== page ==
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As Biden Visited Europe, the House Oversight Chief Sent His Admin a Demand Regarding Ukraine

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With the Russia-Ukraine war still raging after nearly a year, House Republicans are demanding the Biden administration provide documentation of all the funds the U.S. has provided for the conflict.

Rep. James Comer of Kentucky, chairman of the House Oversight Committee, and 22 other Republicans on the panel signed a letter to administration officials Wednesday seeking “documents and information” showing how the Defense and State departments and the U.S. Agency for International Development are conducting oversight of these funds.

The letter was addressed to Defense Secretary Lloyd Austin, Secretary of State Antony Blinken and USAID Administrator Samantha Power.

President Joe Biden vowed Monday during his surprise trip to Ukraine that the U.S. would send support to the country for “as long as it takes.”

Since the Russian invasion on Feb. 24, 2022, the United States “has provided more than $113 billion for security, humanitarian, economic, and governance assistance,” the Oversight Committee Republicans’ letter said.

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“It is critical that government agencies administering these funds ensure they are used for their intended purposes to prevent and reduce the risk of waste, fraud, and abuse,” the lawmakers wrote.

Comer and the Republicans on the committee demanded the White House turn over its receipts regarding aid sent to Ukraine.

Specifically, it asked the White House for all documents and communications regarding:

• “[S]trategies for end-use monitoring of weapons, equipment, direct budgeting assistance, and any other form of economic or security assistance for the Ukrainian people.”
• “[A]ny anti-corruption efforts in Ukraine.”
• “[H]ow much money has been disbursed for Ukrainian assistance and how much remains in the spending pipeline.”
• “[A]ny economic assistance programs for the Ukrainian government.”
• “[F]unds given to multilateral organizations for the purpose of Ukrainian assistance and any information regarding any oversight mechanisms with respect to those organizations.”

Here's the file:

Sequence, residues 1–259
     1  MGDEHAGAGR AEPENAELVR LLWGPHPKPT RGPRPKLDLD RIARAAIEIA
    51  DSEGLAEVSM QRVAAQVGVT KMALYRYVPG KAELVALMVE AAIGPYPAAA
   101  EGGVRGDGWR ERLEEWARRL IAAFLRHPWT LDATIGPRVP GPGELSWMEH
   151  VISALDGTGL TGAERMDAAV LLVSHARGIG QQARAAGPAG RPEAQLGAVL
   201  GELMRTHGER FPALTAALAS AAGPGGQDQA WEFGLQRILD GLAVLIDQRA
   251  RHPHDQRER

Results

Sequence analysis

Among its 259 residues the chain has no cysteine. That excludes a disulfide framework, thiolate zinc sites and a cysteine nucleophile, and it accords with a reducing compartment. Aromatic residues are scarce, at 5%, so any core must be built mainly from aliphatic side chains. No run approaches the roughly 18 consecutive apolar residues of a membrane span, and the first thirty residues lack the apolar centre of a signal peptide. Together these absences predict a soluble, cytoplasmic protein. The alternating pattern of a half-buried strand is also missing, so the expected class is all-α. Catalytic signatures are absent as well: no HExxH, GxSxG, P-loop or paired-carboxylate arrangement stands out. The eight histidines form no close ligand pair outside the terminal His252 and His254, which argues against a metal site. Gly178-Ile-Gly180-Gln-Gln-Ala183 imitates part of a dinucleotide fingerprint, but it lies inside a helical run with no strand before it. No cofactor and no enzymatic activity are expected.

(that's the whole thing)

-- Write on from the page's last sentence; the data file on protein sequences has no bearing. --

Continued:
• “[A]ny benchmarks for success of programs funded by assistance to Ukraine.”
• “[A]ny conditions imposed on funds provided as assistance to Ukraine.”

RealClearPolitics, which first reported on the letter, said this will be “the most comprehensive audit of the war effort to date.”

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Much of the focus is on ensuring U.S. aid to Ukraine goes where it is intended in a nation with a history of rampant corruption.

“Providing security and humanitarian assistance for warfighting and reconstruction purposes comes with an inherent risk of fraud, waste, and abuse,” the letter said.

Republicans may have a good reason for concern despite assurances from National Security Council Coordinator John Kirby on Jan. 25 that no U.S. financial resources had “fallen prey to any kind of corruption in Ukraine.”

As the letter mentioned, Kirby’s comments came one day after Ukraine President Volodymyr Zelenskyy fired several officials amid a corruption scandal.

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The GOP lawmakers wrote that the “U.S. National Security Council appears unaware of this corruption scandal, heightening concerns that U.S. agencies are not conducting oversight of taxpayer assistance to Ukraine.”

The letter also argued that sending such a massive amount of money in such a short time opens the door to fraud.

“Unrealistic timelines and expectations that prioritize spending quickly lead to increased corruption,” it said.

Oversight Committee Letter by The Western Journal

The Oversight Committee Republicans gave the Biden administration officials until March 8 to respond to their request.

Ukrainian officials have assured Western critics that all is well and that aid is finding its way to the proper places.

“We are absolutely clean when it comes to the use of resources provided to us by our partners,” Ukrainian Foreign Minister Dmytro Kuleba said last week in an interview with CNBC. “This is why we so openly and quickly agreed to step up to receive this delegation permission from the United States that is overviewing the use of resources.”

“We have nothing to hide,” Kuleba said. “We are absolutely, absolutely open and transparent on that. There will always be people who will be claiming corruption and making various points pursuing one goal: to decrease the level of support to Ukraine.”



Speaker Kevin McCarthy warned last year, before the midterm elections, that under GOP leadership, the House would not provide a “blank check” to the former eastern bloc country.

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